Glaciers continue to carve the Western Landscape. Visit Alaska, California, and Montana to see these geological artisans at work.
glacier bay national park Alaska Snow that falls on Mounts Orville and Wilbur, both over 10,000 feet, feeds Johns Hopkins Glacier, one of seven tidewater glaciers in Alaska’s 3.3-million-acre park and preserve. The ice flow once melded with many others to form a massive central glacier on the site of what is now Glacier Bay. Tour boats now venture 60 miles into the inlet, offering views of forces that shaped the West’s major mountain ranges. (907) 697-2230, nps.gov/glba.
Mount Shasta California Although Ice Age glaciers in California's Sierra Nevada carved scores of scenic canyons—Yosemite Valley among them—the place in the state where glaciers are most active today is Mount Shasta, north of Redding. Seven small glaciers scour the 14,000-foot volcano’s slopes. Unlike many of the earth’s glaciers, Shasta’s ice flows are not shrinking. (530) 926-4511, fs.usda.gov/stnf.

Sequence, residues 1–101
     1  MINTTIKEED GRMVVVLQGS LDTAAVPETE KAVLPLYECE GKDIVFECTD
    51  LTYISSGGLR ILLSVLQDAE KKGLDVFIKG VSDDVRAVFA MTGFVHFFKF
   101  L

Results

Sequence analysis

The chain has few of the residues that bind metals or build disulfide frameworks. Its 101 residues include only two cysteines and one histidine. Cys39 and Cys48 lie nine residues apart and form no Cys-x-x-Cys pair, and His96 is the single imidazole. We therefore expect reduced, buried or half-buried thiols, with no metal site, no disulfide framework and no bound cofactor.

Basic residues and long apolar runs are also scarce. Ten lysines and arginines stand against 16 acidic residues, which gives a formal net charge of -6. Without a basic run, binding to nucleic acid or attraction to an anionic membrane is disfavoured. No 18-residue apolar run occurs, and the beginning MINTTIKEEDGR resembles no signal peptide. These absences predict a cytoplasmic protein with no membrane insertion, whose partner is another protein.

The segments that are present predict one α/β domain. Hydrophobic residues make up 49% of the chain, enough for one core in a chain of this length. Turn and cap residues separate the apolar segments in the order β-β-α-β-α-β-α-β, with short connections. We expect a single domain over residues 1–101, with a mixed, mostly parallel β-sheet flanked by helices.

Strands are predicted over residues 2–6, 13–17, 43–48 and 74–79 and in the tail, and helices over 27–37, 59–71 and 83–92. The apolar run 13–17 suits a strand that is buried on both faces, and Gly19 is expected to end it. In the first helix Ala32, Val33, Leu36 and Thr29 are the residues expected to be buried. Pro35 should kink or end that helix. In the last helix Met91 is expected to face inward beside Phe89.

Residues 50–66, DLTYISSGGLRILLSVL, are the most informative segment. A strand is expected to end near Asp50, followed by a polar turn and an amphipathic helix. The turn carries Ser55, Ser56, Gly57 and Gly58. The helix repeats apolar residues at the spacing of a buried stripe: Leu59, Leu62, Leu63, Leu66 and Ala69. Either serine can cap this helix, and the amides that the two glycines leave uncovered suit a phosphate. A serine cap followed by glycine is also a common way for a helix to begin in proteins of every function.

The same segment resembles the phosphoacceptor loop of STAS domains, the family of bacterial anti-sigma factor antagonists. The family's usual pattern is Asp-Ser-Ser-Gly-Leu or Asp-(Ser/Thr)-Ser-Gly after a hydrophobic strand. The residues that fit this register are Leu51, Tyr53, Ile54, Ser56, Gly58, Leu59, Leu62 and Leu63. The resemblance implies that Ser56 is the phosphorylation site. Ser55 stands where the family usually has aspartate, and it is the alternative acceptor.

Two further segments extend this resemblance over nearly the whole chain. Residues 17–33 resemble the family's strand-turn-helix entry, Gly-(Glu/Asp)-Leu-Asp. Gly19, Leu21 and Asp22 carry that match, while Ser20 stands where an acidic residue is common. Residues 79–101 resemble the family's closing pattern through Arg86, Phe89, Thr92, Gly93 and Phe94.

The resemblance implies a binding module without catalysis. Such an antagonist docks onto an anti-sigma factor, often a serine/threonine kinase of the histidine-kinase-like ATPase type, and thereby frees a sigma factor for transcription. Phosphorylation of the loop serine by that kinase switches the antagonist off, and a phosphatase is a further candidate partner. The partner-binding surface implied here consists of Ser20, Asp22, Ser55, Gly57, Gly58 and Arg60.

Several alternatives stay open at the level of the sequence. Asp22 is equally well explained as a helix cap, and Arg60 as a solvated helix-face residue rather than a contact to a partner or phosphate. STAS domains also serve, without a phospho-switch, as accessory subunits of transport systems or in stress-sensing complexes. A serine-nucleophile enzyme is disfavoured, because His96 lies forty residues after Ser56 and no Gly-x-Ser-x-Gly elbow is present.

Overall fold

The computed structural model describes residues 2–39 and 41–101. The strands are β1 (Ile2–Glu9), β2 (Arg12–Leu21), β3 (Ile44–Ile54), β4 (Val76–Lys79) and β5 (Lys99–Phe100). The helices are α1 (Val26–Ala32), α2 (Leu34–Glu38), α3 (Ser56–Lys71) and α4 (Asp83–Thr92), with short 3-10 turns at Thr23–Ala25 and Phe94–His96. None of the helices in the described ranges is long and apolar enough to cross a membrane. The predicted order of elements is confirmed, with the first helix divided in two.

Glacier National Park Montana Yes, there are still glaciers in Montana’s spectacular Glacier National Park. Geologists count 26 active ice flows remaining among the park’s craggy peaks, but the frozen masses are all dwindling. A few are visible from main roads; more can be reached from the park’s 700 miles of trails. (406) 888-7800, nps.gov/glac.
This article was first published in July 2012. Some facts may have aged gracelessly. Please call ahead to verify information.